Sunday, May 3, 2009

My Favorites - Taco


In honor of Cinco de Mayo...

I grew up expecting a taco to have a crisp u-shaped corn tortilla (store bought) for a shell, filled with ground beef seasoned from a packet, topped with shredded iceberg lettuce, cheddar cheese and chopped tomatoes. As my culinary horizons expanded, our family explored “soft” tacos…the same fillings only rolled in a flour tortilla that had been lightly buttered, stacked and wrapped in foil and heated in the oven. Technically the soft tacos are burritos; however, one of my well respected true-Mexican friends simply calls them an effin’ Gringo wrap.

Both dishes...delicious, baby, delicious!

But…since then I’ve eaten a wide variety of “authentic” tacos and have decided the simpler, the better.

Lately I'd been craving a street taco and decided two would be for lunch last Thursday. A drive through East Dallas and I spotted a quick stop with a “Mexican Tacos” sign in the window. Ahhh, Nirvana. As I entered I noticed I was the only Gringo in the place (a good sign). The menu was handwritten in Spanish with subtitles in broken, misspelled English (another good sign). The short, chubby Mexican woman greeted me in Spanish (awesome sign). I ordered a carnita and a barbacoa taco. She asked if I wanted cilantro, onion and jalapeno. ¡Sì, gracias! By now I’m hypersalivating, but then…she asked if I wanted corn or flour tortillas. What! (not a good sign), but I replied “corn”.

She then pulled four thin, packaged corn tortillas and tossed them on the flat-top. My heart sank. Not to say one must make tortillas from scratch, but to have to use TWO packaged tortillas for one taco is an unacceptable shortcut. As she piled on the meat then added the cilantro and onions I thought she may have redeemed herself.

Exactly 29.5 seconds later, in the parking lot, I massaged one of the tacos with my teeth. Juice dripped on my shoes (a must), but where’s the flavor? The meat was perfectly tender, but no seasoning what-so-ever. Ahhh…squeeze of lime…better but can one seriously save underseasoned overcooked meat? Nope.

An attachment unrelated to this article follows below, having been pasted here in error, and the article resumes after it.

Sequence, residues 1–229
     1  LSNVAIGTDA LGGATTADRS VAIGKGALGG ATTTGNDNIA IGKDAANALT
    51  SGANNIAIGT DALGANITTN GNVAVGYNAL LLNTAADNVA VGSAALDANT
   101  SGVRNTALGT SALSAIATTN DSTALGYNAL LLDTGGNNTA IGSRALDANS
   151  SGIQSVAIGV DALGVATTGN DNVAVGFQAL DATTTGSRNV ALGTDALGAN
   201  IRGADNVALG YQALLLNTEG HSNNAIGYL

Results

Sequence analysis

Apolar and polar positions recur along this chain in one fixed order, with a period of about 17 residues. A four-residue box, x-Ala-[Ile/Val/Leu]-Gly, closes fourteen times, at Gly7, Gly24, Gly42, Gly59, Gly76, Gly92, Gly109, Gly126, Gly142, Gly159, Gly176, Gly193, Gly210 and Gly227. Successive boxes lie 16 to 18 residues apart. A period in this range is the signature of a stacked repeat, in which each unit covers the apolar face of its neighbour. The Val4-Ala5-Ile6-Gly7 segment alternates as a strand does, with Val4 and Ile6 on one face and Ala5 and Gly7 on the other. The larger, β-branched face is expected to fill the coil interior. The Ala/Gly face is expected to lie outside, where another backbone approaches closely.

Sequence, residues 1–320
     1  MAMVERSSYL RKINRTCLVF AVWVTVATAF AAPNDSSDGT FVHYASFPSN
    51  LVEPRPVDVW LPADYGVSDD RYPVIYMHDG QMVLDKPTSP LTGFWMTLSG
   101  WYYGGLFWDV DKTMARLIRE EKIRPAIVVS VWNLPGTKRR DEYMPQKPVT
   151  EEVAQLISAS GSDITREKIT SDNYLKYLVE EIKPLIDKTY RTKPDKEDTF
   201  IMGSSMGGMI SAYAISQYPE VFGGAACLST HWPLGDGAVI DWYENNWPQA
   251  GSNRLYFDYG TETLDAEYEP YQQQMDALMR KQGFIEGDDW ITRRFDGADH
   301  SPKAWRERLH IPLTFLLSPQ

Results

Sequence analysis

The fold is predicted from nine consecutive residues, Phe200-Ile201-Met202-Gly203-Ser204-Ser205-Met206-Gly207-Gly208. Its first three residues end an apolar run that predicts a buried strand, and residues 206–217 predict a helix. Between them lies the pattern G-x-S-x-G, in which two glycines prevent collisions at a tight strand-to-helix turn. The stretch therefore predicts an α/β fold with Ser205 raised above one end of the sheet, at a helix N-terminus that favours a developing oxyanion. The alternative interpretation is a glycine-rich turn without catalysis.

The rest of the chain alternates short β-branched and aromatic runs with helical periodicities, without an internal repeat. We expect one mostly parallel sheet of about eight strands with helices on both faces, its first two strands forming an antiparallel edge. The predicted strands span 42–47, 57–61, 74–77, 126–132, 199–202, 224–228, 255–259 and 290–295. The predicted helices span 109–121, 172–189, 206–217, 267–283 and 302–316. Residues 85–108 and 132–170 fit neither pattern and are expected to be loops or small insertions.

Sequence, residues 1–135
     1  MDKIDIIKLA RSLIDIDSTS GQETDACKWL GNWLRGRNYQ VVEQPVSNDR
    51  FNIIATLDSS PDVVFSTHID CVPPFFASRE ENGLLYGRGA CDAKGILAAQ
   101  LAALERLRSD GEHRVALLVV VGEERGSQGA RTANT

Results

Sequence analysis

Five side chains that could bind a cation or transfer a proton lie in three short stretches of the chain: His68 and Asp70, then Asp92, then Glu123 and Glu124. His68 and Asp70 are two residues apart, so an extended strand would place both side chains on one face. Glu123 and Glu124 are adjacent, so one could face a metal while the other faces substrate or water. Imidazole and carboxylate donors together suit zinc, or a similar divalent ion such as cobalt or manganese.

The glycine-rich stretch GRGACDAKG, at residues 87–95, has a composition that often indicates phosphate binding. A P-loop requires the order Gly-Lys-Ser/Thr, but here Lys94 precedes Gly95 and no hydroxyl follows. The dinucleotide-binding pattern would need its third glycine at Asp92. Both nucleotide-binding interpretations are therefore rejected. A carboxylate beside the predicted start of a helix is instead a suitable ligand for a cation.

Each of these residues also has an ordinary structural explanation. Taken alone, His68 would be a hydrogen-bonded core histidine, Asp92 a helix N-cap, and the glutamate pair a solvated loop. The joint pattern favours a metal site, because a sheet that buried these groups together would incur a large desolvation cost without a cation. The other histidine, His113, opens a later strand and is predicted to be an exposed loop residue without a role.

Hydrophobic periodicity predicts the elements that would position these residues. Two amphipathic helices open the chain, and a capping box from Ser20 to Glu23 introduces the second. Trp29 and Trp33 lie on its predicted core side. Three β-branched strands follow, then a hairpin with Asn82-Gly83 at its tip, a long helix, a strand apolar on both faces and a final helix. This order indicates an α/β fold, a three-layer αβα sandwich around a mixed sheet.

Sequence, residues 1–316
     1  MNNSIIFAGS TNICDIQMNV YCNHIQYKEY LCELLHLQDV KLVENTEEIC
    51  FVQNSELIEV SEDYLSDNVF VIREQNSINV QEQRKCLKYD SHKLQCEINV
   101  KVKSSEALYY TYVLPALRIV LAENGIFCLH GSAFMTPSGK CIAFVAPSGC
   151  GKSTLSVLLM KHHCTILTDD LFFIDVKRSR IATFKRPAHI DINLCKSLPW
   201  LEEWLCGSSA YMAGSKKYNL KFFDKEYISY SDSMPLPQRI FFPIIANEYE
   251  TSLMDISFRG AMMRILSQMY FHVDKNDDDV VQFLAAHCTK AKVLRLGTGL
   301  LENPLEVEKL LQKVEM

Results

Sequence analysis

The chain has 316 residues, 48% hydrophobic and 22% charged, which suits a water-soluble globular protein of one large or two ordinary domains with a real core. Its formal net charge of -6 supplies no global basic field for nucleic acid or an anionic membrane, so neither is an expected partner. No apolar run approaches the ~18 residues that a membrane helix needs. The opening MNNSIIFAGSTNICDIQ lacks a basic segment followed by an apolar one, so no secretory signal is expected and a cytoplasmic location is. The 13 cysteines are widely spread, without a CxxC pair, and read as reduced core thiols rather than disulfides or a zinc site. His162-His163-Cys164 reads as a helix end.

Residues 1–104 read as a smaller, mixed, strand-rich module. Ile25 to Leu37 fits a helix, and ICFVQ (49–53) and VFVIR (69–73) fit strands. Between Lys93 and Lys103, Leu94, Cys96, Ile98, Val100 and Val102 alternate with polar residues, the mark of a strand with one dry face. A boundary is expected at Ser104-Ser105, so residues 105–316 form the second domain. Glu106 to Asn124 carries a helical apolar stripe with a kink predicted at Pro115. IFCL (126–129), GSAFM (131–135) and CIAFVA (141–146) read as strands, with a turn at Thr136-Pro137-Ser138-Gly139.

All in all a disappointing meal. I ate both, but still was disappointed.

So here’s how to do a simple, yet tasty taco.

I start with the meat, a rib-eye steak, cut as thin as possible with a sharp chefs knife, about 3/8 inch thick. Seasoned aggressively, I use Julio’s, then let it rest and warm to room temperature while doing the simple prep. Dice equal parts red onion with minced cilantro and a small clove of garlic smashed and minced and a few paper thin slices of radish. Mix together with course sea salt and just enough XVOO to moisten. Cover and let set at room temp. Cut a room temp lime into wedges.

Heat a cast iron skillet to rip-roaring hot, add a small pat of butter and the steak. Flash fry on one side for about 90 seconds (until lightly carmelized), then flip over for another 90 or so seconds. Remove to a cutting board and rest it under foil.

For the tortillas, they should be thick enough to remain soft when slightly toasted on the outside. I use La Tortilla Factory’s organic white corn.

While the steak is resting wipe the cast iron skillet and add the tortillas. Make sure to let the torts start toasting before removing.

Slice meat thinly, lay across tort, add a spoonful, or two, of the cilantro/onion salsa, squeeze of lime and chew. Slowly. Chew.

Make sure you’re sitting down because these tacos are so good you'll be dizzy.

1 comment:

  1. I totally feel your disappointment. I had to figure out how to make "street tacos" myself. Lots of things I have had to figure out how to make, but now that I've found your blog I might not have to work so hard! Bay leaf in my marinara, never would have thunk it.

    I'll be watching!
    Genie

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